Cannabis has been illegal in Japan since 1948.
Under the current legislations defined by the Cannabis Control Law, its use and possession can be punished with five years of imprisonment on top of heavy financial penalties. In addition, anyone found involved in the cultivation, sale or transport of the drug can land in jail for about 7 to 10 years and made liable to pay a hefty fine to authorities.
These stringent policies have led to a lot of stigmatization of cannabis in Japan. According to some legalization advocates in the country, this stigma is so strong that it can be analogous to pillory surrounding criminals.
This criminalization of the plant has led to a complete shift in social attitudes towards it. Therefore, in order to bring about policy reforms in the industry, many advocates consider raising public awareness about the drug as the most vital course of action.
History of cannabis use in Japan
A historical review of cannabis use in Japan reveals that it was cultivated in the region since the pre-Neolithic period. This means that it was associated with the culture of the region since thousands of years.
If that period seems too ancient to consider, data from 1954 can be far more convincing. According to statistics reported in Medical Cannabis Network Quarterly, there were about 37,313 hemp farmers in Japan in 1954, compared to barely 37 in 2016.
Therefore, it can be established that cannabis was a popular agricultural product in the country back in the day.
Before its US influenced legal ban in 1948, the plant was widely used in the country. It was also considered sacred. The followers of the Shinto religious tradition believed that cannabis had the power of purification. They also respected it as a symbol of the sun, the inspiration for the Japanese flag.
In addition to this, cannabis was widely used in producing fiber and various other products. According to Junichiro Takayasu, director of Japan’s only cannabis museum, “The cannabis-fiber weaving technique used by Japanese craftsmen is very conscientious handwork, and I think it is important to carry on the tradition. The clothes from genuine cannabis fiber are cool in summer and warm in the winter, which is perfect for the Japanese climate.”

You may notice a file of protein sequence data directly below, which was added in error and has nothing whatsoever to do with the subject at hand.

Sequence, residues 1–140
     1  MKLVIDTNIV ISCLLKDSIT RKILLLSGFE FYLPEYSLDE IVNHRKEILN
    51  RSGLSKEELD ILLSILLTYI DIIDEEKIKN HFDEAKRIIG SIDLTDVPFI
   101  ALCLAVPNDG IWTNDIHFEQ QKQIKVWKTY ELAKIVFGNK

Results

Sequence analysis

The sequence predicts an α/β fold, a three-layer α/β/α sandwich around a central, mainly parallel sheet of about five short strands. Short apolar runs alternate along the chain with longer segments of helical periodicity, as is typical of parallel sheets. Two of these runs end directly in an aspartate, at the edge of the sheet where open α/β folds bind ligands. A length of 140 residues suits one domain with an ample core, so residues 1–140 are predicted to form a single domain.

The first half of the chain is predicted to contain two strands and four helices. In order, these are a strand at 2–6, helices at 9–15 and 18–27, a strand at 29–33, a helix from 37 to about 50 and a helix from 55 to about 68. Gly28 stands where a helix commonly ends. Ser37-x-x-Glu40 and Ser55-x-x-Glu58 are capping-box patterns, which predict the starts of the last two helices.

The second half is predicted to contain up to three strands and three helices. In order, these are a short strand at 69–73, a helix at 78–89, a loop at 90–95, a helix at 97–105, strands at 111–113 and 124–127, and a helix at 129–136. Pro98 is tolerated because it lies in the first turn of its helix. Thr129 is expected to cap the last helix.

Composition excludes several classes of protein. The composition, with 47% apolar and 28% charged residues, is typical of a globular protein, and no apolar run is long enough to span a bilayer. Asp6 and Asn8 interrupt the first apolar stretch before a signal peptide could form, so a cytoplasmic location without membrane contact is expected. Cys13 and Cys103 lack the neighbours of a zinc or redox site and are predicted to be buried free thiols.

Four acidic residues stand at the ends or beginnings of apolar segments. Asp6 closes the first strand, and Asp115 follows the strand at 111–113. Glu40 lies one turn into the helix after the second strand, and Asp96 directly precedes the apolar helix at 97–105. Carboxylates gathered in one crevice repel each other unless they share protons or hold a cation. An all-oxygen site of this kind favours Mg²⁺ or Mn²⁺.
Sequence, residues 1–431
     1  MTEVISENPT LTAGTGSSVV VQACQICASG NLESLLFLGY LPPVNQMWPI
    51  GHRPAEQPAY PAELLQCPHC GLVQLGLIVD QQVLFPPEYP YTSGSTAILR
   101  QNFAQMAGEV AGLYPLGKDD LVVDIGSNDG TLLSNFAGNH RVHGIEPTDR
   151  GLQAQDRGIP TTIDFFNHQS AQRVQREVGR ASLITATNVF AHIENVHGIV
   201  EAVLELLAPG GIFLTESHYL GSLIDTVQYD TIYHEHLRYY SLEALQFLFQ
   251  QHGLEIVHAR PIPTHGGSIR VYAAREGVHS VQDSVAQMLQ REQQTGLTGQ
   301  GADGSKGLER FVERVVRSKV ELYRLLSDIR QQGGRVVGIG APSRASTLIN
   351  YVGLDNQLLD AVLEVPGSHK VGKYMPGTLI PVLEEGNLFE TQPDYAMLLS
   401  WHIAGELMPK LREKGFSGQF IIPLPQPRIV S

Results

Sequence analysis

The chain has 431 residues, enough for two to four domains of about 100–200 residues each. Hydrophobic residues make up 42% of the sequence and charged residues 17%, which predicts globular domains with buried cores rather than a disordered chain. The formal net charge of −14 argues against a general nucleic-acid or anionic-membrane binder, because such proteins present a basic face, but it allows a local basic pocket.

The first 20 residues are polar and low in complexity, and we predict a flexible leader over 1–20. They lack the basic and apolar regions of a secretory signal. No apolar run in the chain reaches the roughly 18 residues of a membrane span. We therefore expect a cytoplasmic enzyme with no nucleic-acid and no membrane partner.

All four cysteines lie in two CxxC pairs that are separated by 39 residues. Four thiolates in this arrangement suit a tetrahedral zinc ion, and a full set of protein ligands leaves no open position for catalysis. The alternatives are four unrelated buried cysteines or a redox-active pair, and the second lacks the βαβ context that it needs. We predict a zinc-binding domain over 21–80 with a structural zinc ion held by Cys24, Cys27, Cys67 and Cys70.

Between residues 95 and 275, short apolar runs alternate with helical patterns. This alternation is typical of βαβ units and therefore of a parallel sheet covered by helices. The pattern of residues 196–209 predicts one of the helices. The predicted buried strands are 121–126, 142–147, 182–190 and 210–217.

Struggling for cannabis acceptance and legalization
Despite of the strict laws surrounding the cannabis industry, groups of legalization advocates are emerging in the country. Green Zone Japan and Japanese Clinical Association of Cannabinoids are among the most prominent names that are striving to secure a legal status for cannabis in the country.
Aim of Green Zone Japan
Green Zone Japan is a medical cannabis advocacy group that came into being in 2017. The main aim of the founders Naoko Miki and Yuji Masakata is to bring up to date medical cannabis information to Japanese medical professionals and the general public in order to educate them on the subject.
In a recent move towards its legalizing efforts, Green Zone is adding subtitles to a documentary called CBD Nation. The documentary will be virtually screened for members all year long for maximum viewership.
Aim of Japanese Clinical Association of Cannabinoids
Japanese Clinical Association of Cannabinoids is the official partner of the International Association for Cannabinoid Medicines. It was established in 2015 to aid healthcare workers in conducting cannabinoid researches in Japan.
They are working to analyze and evaluate CBD clinical researches and the effects of foods infused with it.
Businesses using cannabis derivative, CBD
The lack of awareness about therapeutic benefits of CBD and the stringent laws have negatively affected businesses in the country.
It was among the most important agricultural crops when a complete ban was placed on it. The resulting outrage and disapproval by the most hard hit farmers forced the government to revise the laws. What we see today is the “revised” version due to the retaliation.
Today, cultivation of hemp is still possible, but under the strict control of the government. Growers have to obtain a cultivation license and permission before they can begin plantation. The bureaucratic process for obtaining and maintaining a license is so long and tiresome that agricultures are discouraged.
Despite of this, Japan is advancing small steps towards cannabis normalization. Entrepreneurs like Kota Shimomura, owner of CBD Coffee in Tokyo’s Meguro Ward, are giving new business ideas and clientele to the cannabis industry. Due to the increasing demand, he believes that the CBD market will surpass tobacco in the nest five years. He is also planning to open a second location in Shinjuku by the end of this year.
Then there is another line of beauty products launched by Priyanka Yoshikawa, a model and former Miss World Japan. “I wanted to have my own skin care line for a long time. And I saw that no one was really doing a good, CBD-based skin care line.” She also believes that CBD will provide the much needed relief to the workaholic population of Japan. It will allow them some “relaxation and one-on-one time”.
This industry is expected to bring in a lot of job opportunities for it agricultural revival. According to Masakata, a neurologist by profession and volunteer at Green Zone, this revival will bring young people to come back to the countryside.